NHL Teams

Why Do Detroit Red Wings Throw Octopus On Ice?

By Dipak BK / 29 October 2023 06:58 AM

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Detroit Red Wings throw an octopus on ice to symbolize the number of playoff wins required for the Wings to clinch the Stanley Cup.

The Red Wings octopus story actually began in 1952 when brothers Pete and Jerry Cusimano threw the octopus into the Olympia Stadium rink.

The act of throwing the octopus on the ice has continued since then. In one instance in 1995, a total of 36 Octopi were thrown on the ice, one of which was a 38-pounder.

They won the 1952 Stanley Cup sweeping the Toronto Maple Leafs and the Montreal Canadiens when the tradition began. The practice has persisted throughout the years as a symbol of good luck for the Wings.

The rite of throwing the octopus on ice was also the impulse behind their current mascot "Al the Octopus" a purple octopus unveiled in 1995. 

The legend of the Octopus has inspired several events that involved fans of various NHL teams throwing different types of aquatic creatures, non-aquatic creatures, and other items into the Ice. 

The Detroit Red Wings, are one of the original six teams founded in the NHL and have won 11 Stanley Cups since the franchise's inception.

The octopus-throwing tradition began at the Olympia Stadium which was the Wings home for 52 years before their move to Joe Louis Arena in 1979 and then to their current home of Little Caesars Arena in 2017. 

Octopus Detroit Red Wings Tradition

The Red Wings' tradition of throwing the Octopus into the Ice began in 1952 when teams needed to nab 8 playoff wins to win the Stanley Cup.

During the 1952 playoffs, the Red Wings were playing the Montreal Canadiens. During the 3rd game of the series, brothers Pete and Jerry Cusimano threw an Octopus into the rink of the Olympia Stadium.

The Wings actually went on to sweep the Canadiens and the Maple Leafs to win the 1952 Stanley Cup and the tradition has stuck since then. 

At the time it began, teams needed to win 8 playoff games before they could hold the Holy Grail of Hockey coveted by many in their hands.

The octopus with its 8 limbs was the perfect way to symbolize that fact. It is still continued on to this date despite numerous attempts from the NHL to put a stop to it. 

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The number of playoff games needed to win the Stanley Cup is now 16 games. But that matter can be addressed just by throwing 2 octopuses and what matters more is the tradition and the symbolism behind the octopus for the fans.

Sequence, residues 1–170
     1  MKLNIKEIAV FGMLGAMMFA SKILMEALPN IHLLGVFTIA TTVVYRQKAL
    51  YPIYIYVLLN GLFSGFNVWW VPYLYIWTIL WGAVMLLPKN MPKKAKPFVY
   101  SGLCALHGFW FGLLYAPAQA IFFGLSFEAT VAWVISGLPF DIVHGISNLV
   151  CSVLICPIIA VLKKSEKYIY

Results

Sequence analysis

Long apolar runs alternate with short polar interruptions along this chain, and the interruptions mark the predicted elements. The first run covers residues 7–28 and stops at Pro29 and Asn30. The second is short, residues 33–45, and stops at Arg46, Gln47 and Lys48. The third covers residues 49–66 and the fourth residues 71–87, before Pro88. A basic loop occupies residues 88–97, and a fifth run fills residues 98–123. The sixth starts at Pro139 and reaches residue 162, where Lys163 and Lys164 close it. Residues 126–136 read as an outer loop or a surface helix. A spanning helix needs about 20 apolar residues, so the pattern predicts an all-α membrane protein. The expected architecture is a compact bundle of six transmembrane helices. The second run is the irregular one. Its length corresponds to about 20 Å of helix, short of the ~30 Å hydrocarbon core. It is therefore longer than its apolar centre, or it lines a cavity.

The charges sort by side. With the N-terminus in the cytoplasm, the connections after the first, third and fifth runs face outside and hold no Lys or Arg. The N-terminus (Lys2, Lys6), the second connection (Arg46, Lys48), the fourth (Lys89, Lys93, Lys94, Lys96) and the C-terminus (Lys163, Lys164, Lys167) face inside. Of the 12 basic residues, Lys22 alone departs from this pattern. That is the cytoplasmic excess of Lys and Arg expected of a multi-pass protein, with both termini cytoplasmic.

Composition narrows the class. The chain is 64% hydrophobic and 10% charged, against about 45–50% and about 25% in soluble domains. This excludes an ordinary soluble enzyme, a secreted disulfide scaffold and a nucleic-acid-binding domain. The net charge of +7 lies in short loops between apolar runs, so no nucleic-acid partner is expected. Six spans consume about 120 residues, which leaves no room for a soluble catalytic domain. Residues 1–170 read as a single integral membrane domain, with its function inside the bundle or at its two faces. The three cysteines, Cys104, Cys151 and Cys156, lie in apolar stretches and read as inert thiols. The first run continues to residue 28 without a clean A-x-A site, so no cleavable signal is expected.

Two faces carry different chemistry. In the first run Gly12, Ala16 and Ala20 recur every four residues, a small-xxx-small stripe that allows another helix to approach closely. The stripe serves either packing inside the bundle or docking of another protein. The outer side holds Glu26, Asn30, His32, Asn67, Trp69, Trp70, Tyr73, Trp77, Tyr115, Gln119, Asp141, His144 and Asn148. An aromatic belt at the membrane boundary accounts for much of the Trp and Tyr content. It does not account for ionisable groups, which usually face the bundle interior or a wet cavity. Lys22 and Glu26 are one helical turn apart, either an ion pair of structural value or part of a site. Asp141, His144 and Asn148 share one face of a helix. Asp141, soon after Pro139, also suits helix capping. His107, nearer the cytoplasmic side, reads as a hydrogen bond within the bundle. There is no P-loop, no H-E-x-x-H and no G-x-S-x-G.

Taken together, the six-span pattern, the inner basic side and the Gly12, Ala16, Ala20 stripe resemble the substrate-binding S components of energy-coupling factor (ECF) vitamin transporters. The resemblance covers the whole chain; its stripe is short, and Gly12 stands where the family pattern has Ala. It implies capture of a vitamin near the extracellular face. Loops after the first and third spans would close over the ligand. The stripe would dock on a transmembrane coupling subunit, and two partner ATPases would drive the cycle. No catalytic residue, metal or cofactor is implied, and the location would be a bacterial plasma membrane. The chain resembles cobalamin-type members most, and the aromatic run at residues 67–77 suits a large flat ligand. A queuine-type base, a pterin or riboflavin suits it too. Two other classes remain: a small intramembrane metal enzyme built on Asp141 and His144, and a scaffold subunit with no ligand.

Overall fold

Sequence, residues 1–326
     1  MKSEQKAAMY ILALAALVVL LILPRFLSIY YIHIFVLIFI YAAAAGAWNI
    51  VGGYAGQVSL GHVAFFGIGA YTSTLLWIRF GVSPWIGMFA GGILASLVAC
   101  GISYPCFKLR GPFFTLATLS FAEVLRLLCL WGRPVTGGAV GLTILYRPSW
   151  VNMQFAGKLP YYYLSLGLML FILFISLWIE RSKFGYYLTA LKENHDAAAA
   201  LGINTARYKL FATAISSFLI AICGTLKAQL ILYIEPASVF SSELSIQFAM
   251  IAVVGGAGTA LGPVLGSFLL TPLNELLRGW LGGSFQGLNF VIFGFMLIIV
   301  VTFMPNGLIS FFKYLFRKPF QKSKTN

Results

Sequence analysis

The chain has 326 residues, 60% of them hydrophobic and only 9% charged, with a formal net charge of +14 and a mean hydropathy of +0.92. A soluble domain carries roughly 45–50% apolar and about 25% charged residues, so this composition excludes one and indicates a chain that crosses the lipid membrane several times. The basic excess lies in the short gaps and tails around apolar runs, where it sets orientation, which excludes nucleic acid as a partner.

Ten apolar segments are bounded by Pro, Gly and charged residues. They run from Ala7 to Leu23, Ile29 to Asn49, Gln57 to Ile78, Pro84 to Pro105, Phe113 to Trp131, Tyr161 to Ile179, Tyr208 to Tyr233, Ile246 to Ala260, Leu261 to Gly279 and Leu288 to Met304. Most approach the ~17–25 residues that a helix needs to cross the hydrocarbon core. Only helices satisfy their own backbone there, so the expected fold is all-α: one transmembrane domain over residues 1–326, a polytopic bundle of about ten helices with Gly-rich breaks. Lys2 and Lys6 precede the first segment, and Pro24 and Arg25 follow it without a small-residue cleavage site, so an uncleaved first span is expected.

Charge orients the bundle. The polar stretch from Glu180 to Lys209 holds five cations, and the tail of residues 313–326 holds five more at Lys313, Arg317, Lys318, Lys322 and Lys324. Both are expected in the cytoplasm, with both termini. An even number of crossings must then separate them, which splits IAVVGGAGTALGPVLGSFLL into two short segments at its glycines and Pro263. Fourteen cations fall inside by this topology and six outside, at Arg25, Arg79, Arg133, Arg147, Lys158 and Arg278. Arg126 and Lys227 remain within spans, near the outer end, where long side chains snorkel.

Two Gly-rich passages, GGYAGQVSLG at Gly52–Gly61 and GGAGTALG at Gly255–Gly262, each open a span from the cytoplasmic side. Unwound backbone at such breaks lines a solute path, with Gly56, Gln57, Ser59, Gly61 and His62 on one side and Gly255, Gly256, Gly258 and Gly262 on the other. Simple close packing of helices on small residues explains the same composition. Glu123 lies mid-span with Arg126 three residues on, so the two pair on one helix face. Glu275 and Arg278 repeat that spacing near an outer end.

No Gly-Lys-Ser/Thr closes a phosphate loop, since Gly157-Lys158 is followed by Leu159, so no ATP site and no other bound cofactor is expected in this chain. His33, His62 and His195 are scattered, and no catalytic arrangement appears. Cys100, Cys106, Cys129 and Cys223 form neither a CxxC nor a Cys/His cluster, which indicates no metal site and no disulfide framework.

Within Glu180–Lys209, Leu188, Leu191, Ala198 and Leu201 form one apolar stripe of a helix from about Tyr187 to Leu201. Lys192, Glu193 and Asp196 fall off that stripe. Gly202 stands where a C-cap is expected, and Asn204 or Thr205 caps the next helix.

The mascot of the Red Wings "Al the Octopus" is based on the legend of the octopus. The mascot was in fact named after Al Sobotka, the man responsible for picking up the Octopus thrown by fans and he twirled the octopus above his head after picking it up. 

National Hockey League tried to ban the twirling completely in 2008 but loosened regulations after the backlash from fans for the regulation dubbed as "Octopus-gate" by the press. 

The legend of the Octopus has been the inspiration for many events that occurred in NHL history some of which are as follows. 

- New Jersey Devils fans threw lobsters, dead fish, and other objects onto the ice in the third game of the 1995 Stanley Cup Finals.

- Nashville Predators fans threw catfish on 26 January 1999 in the game against the Wings and that tradition has continued since then.

- San Jose Sharks fans threw a 3-foot leopard shark onto the ice during their 4th game of the 2007 Western Conference Semifinals against the Red Wings. 

- The Pittsburgh seafood wholesalers refused to sell individuals from Michigan during the 2008 Stanley Cup Finals between the Penguins and the Wings. 

- The San Jose Sharks fans threw a small shark again in 2010 in the playoffs against the Wings. 

- A Nashville Predator fan threw a skinned duck on the ice at the 2017 Stanley Cup playoffs between the Predators and the Anaheim Ducks.

Detriot Red Wings Stanley Cup History